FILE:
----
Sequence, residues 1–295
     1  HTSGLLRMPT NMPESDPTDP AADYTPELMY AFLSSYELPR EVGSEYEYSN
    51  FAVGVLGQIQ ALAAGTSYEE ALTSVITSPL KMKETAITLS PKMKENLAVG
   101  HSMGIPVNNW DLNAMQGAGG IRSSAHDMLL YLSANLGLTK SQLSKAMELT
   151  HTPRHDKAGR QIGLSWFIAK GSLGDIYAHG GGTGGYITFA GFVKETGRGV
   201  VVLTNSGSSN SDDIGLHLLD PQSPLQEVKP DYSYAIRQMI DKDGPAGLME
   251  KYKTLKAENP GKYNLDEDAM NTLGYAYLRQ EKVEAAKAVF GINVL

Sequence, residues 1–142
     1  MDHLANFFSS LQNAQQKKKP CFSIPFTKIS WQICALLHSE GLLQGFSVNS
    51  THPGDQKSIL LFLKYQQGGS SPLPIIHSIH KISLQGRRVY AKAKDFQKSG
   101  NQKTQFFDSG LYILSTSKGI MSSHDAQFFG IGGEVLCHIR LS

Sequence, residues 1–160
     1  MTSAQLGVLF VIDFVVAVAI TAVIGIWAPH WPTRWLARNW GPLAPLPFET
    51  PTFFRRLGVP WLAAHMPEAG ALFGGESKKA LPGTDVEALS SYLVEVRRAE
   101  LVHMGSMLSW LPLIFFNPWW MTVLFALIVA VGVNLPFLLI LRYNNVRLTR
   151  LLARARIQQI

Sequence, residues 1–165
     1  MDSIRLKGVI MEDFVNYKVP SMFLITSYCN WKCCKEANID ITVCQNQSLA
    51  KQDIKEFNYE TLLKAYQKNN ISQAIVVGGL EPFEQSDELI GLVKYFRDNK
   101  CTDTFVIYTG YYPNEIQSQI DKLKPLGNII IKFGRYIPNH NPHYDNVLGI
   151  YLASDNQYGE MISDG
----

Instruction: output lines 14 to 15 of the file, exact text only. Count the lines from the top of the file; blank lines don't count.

    51  PTFFRRLGVP WLAAHMPEAG ALFGGESKKA LPGTDVEALS SYLVEVRRAE
   101  LVHMGSMLSW LPLIFFNPWW MTVLFALIVA VGVNLPFLLI LRYNNVRLTR